As you read the newspaper or listen to the evening news, you hear a litany of reasons explaining our turbulent stock market: the economic recovery has stalled; earnings have disappointed; oil prices are high; deflation seems just around the corner. And to further complicate our nation’s economic situation, the threat of war with Iraq looms on the horizon. It makes a certain amount of sense that the market should be encountering instability as a result of these concerns. But they don’t adequately explain the sharp deterioration in confidence that has gripped not just our nation, but countries around the globe.

It is the combination of all of these factors which has led U.S. investors to what has become a crisis of confidence. Confidence is indeed depressed but the question is why has the result been so unusually harsh? Though our situation seems grim, we must remember that oil prices have been high in the past; the pace of economic growth, while somewhat disappointing, is still positive; deflation is under the control of the Fed; and earnings are up. But upon further inspection, one can see that our market seems to be falling into a cycle. The economy is weak because the market has drained consumer confidence. This crisis of confidence leads to lower market growth and this lower growth means fewer profits. This further drains consumer confidence, the economy weakens further and thus the cycle continues…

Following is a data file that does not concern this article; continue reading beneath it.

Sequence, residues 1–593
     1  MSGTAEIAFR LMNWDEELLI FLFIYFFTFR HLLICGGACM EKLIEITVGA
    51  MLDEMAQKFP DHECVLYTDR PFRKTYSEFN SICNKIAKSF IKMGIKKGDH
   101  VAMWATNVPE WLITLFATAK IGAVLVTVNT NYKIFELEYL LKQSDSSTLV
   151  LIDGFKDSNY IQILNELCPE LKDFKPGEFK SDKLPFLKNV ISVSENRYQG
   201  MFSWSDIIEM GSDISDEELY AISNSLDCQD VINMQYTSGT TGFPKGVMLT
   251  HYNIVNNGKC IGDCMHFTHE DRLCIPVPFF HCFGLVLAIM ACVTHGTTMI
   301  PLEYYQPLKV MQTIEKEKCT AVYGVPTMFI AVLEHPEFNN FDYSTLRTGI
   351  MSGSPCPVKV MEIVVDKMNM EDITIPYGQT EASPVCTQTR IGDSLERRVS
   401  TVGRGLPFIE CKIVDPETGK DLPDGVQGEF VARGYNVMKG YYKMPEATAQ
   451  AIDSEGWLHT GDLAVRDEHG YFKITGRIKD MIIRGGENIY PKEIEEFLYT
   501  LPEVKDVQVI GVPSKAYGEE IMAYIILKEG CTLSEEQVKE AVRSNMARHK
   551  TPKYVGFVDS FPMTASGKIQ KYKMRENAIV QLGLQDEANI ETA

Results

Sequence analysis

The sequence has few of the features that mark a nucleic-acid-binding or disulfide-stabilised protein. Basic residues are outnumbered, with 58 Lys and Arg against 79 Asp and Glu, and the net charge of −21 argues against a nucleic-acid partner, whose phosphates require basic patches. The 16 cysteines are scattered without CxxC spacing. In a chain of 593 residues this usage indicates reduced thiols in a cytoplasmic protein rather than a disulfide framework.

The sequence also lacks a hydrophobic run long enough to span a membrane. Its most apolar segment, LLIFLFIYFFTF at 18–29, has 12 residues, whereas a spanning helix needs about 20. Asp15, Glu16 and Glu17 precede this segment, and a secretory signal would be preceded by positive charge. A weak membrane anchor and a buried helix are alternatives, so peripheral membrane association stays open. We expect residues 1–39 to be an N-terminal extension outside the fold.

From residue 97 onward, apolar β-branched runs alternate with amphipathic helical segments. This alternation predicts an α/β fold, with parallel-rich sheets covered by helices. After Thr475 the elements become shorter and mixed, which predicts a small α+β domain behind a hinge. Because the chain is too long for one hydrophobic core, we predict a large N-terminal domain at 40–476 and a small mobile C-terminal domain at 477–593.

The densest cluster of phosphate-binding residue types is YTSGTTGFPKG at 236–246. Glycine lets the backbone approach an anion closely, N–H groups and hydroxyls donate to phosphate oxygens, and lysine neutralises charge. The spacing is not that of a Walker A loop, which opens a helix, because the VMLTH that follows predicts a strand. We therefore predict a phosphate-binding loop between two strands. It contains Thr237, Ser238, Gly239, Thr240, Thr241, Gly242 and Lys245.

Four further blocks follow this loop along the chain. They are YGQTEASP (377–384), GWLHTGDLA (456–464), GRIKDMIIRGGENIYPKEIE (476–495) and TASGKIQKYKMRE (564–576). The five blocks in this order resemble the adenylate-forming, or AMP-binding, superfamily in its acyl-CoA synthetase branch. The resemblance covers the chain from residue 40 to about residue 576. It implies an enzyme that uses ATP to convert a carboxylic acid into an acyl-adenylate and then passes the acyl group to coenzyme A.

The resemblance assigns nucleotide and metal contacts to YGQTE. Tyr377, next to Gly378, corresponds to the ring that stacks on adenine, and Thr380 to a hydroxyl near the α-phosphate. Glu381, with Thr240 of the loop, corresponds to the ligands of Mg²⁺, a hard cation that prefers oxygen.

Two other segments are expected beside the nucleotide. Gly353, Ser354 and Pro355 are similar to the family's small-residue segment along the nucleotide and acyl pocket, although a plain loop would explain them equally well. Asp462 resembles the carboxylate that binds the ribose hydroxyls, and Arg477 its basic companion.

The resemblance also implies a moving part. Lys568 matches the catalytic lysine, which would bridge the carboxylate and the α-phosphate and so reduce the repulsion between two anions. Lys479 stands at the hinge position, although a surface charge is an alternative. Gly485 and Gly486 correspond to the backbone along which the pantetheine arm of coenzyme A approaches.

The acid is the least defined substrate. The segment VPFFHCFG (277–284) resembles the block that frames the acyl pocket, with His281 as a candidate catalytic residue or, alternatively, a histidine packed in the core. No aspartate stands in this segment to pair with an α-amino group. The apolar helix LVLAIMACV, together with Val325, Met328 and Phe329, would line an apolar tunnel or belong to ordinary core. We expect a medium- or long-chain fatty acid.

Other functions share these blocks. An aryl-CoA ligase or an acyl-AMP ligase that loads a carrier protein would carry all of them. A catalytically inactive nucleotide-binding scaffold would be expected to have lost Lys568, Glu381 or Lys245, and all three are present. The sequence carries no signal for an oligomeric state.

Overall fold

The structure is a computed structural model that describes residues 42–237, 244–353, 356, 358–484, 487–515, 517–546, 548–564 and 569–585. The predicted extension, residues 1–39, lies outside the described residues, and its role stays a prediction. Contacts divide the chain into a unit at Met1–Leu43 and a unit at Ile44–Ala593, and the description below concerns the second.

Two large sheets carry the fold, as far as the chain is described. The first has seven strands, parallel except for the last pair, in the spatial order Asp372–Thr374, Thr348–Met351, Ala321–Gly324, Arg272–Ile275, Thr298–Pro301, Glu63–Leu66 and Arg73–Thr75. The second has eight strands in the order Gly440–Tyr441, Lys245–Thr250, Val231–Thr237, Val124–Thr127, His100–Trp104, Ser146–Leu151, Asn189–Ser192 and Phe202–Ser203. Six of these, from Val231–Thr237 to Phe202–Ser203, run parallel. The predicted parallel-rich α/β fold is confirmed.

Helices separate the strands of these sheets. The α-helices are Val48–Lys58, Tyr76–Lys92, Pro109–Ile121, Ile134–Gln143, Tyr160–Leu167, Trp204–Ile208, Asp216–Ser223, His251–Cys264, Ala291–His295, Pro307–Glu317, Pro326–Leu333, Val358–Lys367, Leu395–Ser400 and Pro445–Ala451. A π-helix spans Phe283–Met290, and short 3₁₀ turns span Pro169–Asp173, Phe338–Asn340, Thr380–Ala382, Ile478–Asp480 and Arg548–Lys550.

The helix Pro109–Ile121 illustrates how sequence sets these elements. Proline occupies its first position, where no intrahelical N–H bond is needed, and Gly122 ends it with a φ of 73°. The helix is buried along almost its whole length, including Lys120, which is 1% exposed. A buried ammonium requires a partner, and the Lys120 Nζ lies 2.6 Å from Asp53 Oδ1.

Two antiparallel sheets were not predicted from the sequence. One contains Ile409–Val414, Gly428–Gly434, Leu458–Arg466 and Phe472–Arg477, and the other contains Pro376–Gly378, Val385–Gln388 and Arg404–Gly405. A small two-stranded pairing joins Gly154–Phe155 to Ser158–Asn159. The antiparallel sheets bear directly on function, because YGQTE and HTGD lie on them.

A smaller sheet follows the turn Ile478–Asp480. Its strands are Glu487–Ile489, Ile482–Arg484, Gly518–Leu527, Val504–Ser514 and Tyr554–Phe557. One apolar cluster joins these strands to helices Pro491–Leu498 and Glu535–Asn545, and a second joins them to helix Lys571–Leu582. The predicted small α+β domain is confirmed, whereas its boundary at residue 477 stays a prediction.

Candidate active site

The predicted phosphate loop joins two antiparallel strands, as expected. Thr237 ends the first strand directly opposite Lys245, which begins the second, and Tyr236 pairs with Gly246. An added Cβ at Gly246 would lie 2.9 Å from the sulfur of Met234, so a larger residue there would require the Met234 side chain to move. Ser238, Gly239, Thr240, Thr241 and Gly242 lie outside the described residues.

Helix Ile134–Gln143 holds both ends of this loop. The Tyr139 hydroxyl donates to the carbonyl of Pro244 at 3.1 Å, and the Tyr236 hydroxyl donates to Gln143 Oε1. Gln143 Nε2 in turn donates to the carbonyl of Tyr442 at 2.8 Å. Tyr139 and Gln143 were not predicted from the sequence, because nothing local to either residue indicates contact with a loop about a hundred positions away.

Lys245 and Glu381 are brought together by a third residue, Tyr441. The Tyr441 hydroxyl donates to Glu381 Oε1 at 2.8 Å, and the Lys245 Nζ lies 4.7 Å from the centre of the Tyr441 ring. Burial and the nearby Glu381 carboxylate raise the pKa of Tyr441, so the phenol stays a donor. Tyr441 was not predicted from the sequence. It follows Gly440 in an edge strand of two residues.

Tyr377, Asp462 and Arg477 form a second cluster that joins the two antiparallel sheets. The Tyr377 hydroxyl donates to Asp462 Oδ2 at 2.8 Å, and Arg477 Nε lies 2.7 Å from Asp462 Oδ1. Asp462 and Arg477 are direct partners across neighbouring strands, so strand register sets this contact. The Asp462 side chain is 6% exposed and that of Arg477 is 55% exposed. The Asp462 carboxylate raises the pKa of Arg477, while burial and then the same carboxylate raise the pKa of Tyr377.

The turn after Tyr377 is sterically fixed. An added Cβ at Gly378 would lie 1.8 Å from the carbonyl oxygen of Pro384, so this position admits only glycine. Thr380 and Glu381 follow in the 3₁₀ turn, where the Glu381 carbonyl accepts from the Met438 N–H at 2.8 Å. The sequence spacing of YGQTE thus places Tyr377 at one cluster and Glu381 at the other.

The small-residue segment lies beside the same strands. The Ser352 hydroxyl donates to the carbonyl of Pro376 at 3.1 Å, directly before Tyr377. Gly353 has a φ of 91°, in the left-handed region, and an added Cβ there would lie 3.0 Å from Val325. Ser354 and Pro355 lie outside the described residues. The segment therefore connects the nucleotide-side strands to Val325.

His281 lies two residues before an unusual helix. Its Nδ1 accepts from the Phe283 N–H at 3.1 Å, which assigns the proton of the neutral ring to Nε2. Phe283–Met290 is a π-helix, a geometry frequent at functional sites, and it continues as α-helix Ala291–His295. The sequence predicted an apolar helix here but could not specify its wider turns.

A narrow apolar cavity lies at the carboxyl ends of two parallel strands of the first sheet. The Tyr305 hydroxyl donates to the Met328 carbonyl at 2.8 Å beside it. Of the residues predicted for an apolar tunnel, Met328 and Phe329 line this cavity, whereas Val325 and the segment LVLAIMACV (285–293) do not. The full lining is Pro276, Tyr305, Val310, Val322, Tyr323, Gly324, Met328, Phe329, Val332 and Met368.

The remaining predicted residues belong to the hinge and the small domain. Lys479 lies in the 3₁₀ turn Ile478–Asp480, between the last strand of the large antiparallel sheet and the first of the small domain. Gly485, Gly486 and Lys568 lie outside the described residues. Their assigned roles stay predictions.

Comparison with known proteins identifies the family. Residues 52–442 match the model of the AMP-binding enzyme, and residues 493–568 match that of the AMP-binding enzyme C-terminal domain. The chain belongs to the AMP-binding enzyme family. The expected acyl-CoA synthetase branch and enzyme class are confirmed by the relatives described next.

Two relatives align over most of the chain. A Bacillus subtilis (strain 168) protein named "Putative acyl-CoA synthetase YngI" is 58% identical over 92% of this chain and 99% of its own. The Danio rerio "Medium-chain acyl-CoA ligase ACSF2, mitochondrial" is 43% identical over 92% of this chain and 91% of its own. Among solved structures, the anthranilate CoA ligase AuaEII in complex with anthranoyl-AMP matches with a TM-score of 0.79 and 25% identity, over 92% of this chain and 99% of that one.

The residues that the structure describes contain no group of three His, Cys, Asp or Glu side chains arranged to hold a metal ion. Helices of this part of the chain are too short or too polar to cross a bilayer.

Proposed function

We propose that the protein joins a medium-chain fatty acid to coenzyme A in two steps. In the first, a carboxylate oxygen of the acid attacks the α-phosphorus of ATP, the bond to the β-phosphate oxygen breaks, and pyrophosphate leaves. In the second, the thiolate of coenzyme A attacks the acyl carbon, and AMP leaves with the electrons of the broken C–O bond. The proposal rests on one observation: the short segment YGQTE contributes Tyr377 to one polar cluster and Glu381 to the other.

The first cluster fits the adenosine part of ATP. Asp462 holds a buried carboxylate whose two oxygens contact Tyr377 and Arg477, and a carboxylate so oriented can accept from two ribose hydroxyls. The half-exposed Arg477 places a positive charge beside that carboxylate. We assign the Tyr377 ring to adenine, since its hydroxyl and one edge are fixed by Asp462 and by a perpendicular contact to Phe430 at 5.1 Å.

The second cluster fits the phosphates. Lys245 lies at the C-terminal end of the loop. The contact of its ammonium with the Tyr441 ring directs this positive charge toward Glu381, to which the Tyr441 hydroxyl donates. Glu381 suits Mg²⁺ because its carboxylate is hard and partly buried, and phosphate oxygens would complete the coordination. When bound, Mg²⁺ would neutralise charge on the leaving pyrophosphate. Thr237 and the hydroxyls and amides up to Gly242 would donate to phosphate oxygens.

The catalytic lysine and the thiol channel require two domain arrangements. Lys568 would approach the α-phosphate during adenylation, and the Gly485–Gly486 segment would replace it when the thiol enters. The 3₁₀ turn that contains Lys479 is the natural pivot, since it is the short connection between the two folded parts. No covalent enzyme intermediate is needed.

There is, however, a light at the end of this tunnel. The cycle can be broken when investors examine the facts and focus on the reality that the U.S. economy, for all the disappointments it’s delivered, is not in bad shape. GDP growth is positive and productivity is rising sharply. The unemployment rate remains near 6%; job growth is positive, if slow; consumer durables and housing are strong; and inflation and interest rates are low. It’s easy for us to lose sight of these fundamental supports when growth doesn’t necessarily meet expectations.

In the short-term, stray factors can influence stock prices and cause valuations to deviate from fair value. Sometimes these deviations can be rather large and last for quite some time, as we saw in the late ‘90s. But eventually the fundamental principles of capitalism will overcome, and the market will reflect a fair price that’s based on real earnings growth. In every market environment, good or bad, there are always opportunities and risks. A good investor will find some of the opportunities and avoid most of the risks. In 2003, most investors will once again be surprised by the market – missing the best opportunities. What will you do?

Published in Westlake Magazine – February 2003